The opinion of the court was delivered by: VICTOR E. Bianchini United States Magistrate Judge
Pro se petitioner Curtis Middlebrooks ("Middlebrooks" or "petitioner") seeks a writ of habeas corpus pursuant to 28 U.S.C. § 2254 on the basis that his conviction on one count of first degree assault (N.Y. Penal Law § 120.10(3)) was unconstitutionally obtained. The parties have consented to disposition of this matter by a magistrate judge pursuant to 28 U.S.C. § 636(c)(1).
II. Factual Background and Procedural History
The conviction here at issue stems from an incident that occurred at the apartment of Maleaka Wilson ("Wilson"), one of Middlebrooks' girlfriends and the mother of his son. Apparently, Wilson discovered that Middlebrooks was spending time with another of his girlfriends. Angered at this, Wilson set fire to a pile of several articles of Middlebrooks clothing at her apartment. Later, when Middlebrooks came over to Wilson's apartment, they quarreled. Middlebrooks stated that he was "going to burn her like she had burned his clothes." He advanced upon her, backing her into a corner, whereupon he doused her clothing (which was on her person) with nail polish remover, and tossed two lit matches on her. Wilson started to roll around on the floor in an attempt to extinguish the flames. Middlebrooks came to her aid with a blanket. Wilson survived the attack, but sustained serious injuries.
Middlebrooks elected to forego a jury trial and had a bench trial in Supreme Court for Erie County (Rossetti, J.). Middlebrooks was found guilty of first degree assault and was sentenced to the maximum sentence possible, a twenty-five-year determinate term.
On direct appeal, Middlebrooks' appellate counsel raised six issues: (1) defendant's inculpatory statements made to the police should have been suppressed because they were obtained in violation of his right to counsel, since he was represented on unrelated pending drug charges; (2) the trial court erred in precluding cross-examination of the victim regarding her psychiatric history; (3) the prosecution's expert witness presented testimony which lacked a sufficient foundation and should not have been admitted because the trial court failed to conduct a Frye hearing; (4) the prosecution committed a Brady violation by failing to timely disclose a plea agreement it had made with the victim, who was Middlebrooks' co-defendant in the pending drug case; (5) defendant was denied his statutory right to a "speedy trial" under C.P.L. § 330.30(1)(a); and (6) the verdict was against the weight of the evidence. The Appellate Division, Fourth Department, unanimously affirmed his conviction on December 30, 2002. People v. Middlebrooks, 300 A.D.2d 1142 (App. Div. 4th Dept. 2002). In his leave application, appellate counsel did not include the weight-of-the-evidence claim or the Confrontation Clause claim alleging the improper limitation on cross-examination of the victim. The New York Court of Appeals denied leave to appeal on March 27, 2003. Middlebrooks also sought a writ of certiorari from the United States Supreme Court, which was denied on April 4, 2005.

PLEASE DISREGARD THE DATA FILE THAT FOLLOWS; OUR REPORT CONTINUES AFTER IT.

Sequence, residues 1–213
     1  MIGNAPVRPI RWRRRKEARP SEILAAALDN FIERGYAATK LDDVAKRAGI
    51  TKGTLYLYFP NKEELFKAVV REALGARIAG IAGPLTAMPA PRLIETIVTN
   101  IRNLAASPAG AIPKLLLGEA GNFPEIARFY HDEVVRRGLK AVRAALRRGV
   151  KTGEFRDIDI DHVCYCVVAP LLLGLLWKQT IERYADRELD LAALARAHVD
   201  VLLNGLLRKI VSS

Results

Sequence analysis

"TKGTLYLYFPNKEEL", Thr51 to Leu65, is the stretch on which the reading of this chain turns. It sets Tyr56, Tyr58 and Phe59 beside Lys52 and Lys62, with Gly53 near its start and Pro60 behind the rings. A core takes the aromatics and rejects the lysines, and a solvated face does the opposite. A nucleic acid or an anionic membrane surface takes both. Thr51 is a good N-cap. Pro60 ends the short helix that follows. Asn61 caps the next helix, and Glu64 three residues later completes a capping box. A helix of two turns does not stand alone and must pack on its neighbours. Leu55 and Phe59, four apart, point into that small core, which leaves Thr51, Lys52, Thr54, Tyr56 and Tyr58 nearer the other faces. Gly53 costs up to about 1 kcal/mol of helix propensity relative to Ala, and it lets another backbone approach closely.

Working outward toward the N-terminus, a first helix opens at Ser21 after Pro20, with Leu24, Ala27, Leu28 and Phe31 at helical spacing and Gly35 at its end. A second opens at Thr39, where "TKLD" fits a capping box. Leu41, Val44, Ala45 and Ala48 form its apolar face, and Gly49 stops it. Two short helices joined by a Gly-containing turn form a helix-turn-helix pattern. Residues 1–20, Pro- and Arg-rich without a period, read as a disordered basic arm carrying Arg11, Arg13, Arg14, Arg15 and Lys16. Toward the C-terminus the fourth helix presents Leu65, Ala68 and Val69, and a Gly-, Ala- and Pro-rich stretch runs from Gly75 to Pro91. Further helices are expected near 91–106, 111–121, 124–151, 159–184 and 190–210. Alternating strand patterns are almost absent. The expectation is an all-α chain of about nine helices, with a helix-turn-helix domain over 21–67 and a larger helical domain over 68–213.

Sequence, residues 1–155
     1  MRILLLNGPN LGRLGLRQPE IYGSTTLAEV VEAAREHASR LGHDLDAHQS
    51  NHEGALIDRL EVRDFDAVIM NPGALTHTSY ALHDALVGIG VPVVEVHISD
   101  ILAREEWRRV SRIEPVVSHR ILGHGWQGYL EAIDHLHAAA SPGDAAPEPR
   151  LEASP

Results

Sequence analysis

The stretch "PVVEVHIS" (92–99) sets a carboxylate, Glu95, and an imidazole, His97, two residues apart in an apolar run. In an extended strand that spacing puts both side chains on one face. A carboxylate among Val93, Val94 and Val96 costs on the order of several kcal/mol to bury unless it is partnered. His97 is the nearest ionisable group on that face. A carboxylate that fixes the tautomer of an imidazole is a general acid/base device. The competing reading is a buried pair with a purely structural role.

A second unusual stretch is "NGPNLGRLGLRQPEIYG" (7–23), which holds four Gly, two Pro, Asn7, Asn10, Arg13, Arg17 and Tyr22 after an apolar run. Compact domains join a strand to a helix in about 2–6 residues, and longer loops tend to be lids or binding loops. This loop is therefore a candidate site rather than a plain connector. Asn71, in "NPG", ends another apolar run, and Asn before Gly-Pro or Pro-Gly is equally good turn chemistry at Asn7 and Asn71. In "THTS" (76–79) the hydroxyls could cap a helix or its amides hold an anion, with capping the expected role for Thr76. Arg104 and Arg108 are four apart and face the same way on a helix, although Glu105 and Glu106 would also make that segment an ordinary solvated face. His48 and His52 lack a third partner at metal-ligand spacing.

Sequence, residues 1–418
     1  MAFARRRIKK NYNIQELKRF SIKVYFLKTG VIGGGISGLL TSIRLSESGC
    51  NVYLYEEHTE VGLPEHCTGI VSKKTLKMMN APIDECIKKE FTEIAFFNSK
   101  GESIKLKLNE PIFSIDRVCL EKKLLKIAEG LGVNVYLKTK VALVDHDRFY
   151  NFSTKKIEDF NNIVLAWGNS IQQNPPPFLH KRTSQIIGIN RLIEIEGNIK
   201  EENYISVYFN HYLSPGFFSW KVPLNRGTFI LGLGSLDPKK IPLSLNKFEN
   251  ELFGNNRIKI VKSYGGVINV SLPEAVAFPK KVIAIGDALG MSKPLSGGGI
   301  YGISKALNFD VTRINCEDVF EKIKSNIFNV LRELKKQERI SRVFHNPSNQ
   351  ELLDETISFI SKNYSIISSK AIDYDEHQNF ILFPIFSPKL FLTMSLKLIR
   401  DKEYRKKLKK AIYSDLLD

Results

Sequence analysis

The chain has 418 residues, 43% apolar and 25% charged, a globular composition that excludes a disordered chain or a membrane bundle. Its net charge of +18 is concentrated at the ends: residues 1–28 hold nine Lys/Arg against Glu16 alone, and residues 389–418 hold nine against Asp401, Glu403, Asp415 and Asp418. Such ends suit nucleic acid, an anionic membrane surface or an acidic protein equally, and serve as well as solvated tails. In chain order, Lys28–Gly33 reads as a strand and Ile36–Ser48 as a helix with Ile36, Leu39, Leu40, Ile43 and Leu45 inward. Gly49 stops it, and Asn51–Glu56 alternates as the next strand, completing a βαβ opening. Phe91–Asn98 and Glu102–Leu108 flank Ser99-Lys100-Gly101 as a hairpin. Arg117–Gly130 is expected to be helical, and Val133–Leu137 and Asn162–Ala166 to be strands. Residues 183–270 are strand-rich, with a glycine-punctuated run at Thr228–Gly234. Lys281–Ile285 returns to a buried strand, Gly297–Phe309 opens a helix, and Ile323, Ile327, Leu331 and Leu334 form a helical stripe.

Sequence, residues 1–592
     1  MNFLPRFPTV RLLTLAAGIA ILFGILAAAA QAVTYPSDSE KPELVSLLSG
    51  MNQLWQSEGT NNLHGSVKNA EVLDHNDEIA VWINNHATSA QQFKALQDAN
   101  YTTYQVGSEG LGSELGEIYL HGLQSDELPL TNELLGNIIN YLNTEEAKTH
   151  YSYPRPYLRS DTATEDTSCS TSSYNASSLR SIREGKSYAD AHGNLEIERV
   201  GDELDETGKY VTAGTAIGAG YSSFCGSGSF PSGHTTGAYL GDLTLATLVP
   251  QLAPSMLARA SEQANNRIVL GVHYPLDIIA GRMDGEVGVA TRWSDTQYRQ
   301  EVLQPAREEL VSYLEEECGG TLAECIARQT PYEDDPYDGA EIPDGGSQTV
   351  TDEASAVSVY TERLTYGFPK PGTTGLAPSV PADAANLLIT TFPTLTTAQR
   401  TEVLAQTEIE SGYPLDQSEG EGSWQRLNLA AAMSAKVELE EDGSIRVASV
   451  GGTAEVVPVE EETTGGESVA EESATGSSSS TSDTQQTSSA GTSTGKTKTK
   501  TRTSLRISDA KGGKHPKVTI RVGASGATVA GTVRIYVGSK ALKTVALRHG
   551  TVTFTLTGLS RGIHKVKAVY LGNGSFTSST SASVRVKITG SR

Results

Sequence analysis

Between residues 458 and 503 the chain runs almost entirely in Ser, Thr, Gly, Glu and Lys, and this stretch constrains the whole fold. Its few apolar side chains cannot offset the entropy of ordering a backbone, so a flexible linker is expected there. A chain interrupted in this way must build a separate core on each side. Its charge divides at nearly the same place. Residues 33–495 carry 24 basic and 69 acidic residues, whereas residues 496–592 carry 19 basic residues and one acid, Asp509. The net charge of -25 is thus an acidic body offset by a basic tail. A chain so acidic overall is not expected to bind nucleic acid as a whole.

Middlebrooks then collaterally attacked his conviction in state court in a variety of motions. On May 12, 2004, Middlebrooks brought a coram nobis application alleging that appellate counsel had been ineffective for, among other things, failing to argue that the trial court erroneously failed to refer to the burden of proof when it announced the verdict. This was denied by the Appellate Division in a summary order. People v. Middlebrooks, 8 A.D.3d 1133 (App. Div. 4th Dept. 2004). The New York Court of Appeals denied leave to appeal on October 5, 2004. People v. Middlebrooks, 3 N.Y.3d 741 (N.Y. 2004).